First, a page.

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Technological Improvements and Comparative Advantage Reconsidered

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Author Info

  • Yochanan Shachmurove

    ()
    (The City College of The City University of New York and Department of Economics, the University of Pennsylvania)

  • Uriel Spiegel

    ()
    (Department of Economics, University of Pennsylvania and Department of Economics, Bar Ilan University)

Abstract

Given a world consisting of two countries, two commodities, and two consumers, this paper analyzes the potential effects of the current global trend of shifting world productions with regards to consumer goods. When technological improvements occur in a developing country, would terms of trade remain favorable for a developed country? Would both countries benefit? Instances where one or both countries benefit are feasible. However the developed country may lose as a result of an improvement in the production of the good that previously had been exported by the developed country.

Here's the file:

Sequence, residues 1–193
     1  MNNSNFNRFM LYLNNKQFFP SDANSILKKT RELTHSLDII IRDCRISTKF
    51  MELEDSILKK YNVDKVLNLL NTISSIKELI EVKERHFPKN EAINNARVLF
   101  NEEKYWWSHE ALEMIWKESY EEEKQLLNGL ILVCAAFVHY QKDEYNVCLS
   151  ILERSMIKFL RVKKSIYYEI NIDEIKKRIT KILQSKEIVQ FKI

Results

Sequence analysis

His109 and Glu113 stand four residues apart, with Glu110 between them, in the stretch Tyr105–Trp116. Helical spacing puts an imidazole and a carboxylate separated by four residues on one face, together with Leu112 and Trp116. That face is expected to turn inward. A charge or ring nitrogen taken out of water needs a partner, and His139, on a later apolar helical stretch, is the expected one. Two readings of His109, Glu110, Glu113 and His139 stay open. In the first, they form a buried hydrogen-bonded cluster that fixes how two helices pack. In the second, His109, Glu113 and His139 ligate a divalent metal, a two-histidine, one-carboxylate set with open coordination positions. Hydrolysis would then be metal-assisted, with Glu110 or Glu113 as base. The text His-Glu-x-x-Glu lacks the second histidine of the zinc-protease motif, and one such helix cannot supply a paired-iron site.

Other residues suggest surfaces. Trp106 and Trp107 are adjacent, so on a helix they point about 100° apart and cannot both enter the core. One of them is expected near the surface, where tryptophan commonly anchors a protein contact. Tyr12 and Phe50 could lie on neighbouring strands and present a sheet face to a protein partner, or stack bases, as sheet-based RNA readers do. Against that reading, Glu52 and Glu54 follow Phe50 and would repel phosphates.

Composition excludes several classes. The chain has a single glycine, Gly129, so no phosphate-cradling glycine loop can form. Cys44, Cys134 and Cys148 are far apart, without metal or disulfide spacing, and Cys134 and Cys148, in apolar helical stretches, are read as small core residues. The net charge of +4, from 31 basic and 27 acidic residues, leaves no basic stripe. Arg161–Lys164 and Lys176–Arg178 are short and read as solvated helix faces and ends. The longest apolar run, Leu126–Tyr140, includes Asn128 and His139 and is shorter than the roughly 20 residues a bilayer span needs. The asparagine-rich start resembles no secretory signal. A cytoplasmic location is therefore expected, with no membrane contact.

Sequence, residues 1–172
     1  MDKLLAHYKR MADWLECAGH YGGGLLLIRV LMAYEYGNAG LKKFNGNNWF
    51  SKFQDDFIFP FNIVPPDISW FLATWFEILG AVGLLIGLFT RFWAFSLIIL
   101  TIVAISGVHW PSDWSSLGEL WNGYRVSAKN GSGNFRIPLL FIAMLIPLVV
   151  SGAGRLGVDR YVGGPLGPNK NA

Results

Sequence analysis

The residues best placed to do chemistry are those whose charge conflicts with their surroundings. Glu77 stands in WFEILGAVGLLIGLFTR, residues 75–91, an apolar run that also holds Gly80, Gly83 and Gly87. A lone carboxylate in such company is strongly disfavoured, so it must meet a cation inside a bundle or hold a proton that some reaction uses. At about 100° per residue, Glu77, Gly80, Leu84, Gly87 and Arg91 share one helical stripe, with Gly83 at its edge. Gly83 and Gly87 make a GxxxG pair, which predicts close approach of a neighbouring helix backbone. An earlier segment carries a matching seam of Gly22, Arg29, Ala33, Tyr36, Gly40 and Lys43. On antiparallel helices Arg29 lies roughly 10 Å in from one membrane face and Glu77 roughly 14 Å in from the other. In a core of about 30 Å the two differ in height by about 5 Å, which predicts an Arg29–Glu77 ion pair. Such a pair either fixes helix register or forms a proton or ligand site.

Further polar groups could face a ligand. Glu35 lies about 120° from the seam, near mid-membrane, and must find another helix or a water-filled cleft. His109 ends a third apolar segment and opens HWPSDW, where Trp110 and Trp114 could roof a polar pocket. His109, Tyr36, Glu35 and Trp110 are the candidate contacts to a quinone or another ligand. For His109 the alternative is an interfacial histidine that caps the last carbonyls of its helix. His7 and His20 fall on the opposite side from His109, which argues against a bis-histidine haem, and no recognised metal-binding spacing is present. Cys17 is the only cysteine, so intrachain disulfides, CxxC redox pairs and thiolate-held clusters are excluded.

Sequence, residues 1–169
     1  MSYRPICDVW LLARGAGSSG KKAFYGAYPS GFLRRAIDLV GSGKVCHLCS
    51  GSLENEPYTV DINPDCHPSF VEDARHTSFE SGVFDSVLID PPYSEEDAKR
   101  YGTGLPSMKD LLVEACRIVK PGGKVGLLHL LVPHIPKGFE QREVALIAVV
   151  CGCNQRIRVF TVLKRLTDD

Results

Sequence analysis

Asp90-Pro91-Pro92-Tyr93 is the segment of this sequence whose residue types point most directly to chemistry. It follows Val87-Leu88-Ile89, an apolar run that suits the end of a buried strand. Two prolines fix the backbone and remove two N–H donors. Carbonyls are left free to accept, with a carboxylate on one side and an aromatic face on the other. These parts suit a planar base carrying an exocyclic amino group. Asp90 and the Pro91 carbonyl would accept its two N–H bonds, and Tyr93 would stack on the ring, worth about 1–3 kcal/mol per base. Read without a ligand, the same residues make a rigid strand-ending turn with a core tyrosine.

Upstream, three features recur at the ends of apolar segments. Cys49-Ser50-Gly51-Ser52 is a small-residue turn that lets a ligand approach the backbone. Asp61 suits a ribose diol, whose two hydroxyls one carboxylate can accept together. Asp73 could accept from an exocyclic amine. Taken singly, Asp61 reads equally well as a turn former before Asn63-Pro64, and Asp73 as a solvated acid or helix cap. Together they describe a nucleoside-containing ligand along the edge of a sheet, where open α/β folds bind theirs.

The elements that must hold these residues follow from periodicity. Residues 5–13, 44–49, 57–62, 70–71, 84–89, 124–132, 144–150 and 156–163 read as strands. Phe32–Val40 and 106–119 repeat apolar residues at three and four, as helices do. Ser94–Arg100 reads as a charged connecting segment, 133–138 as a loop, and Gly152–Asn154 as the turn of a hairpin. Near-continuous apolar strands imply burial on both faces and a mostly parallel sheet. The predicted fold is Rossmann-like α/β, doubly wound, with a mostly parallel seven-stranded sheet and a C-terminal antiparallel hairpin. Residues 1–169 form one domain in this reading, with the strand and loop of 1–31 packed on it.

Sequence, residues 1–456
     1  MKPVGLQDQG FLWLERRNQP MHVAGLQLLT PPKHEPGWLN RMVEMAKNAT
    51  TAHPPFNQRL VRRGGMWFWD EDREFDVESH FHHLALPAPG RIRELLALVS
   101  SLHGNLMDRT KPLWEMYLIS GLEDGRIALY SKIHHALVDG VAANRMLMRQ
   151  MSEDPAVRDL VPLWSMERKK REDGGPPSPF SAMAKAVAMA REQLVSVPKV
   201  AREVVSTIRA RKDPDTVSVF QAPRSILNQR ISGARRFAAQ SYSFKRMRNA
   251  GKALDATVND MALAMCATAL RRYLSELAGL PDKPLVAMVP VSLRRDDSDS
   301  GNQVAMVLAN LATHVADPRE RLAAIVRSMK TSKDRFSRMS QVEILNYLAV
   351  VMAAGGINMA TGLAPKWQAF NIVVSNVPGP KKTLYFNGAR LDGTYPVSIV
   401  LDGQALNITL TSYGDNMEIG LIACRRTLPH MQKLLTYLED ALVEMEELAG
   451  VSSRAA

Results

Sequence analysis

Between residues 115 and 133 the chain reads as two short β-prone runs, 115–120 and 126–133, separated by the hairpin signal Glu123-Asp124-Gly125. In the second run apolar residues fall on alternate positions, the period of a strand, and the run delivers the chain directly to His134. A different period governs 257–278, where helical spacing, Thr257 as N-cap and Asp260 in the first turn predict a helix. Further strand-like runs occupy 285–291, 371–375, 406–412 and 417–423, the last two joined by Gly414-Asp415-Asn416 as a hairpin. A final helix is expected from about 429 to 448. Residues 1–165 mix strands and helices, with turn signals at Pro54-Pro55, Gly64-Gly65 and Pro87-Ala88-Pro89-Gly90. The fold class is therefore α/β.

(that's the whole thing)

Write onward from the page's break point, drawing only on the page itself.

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Bibliographic Info

Paper provided by Penn Institute for Economic Research, Department of Economics, University of Pennsylvania in its series PIER Working Paper Archive with number 06-023.

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Length: 11 pages
Date of creation: 01 Sep 2006
Date of revision:
Handle: RePEc:pen:papers:06-023

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Keywords: International trade; Samuelson; autarky equilibrium; comparative advantage; endowment shock;

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  1. F. Gerard Adams & Byron Gangnes & Yochanan Shachmurove, 2004. "Why Is China So Competitive? Measuring and Explaining China’s Competitiveness," Working Papers 07-2004, Singapore Management University, School of Economics.
  2. Paul A. Samuelson, 2004. "Where Ricardo and Mill Rebut and Confirm Arguments of Mainstream Economists Supporting Globalization," Journal of Economic Perspectives, American Economic Association, vol. 18(3), pages 135-146, Summer.
  3. Johnson, G.E. & Stafford, F.P., 1993. "International Competition and Real Wages," Working Papers 323, Research Seminar in International Economics, University of Michigan.
  4. repec:fth:michin:323 is not listed on IDEAS
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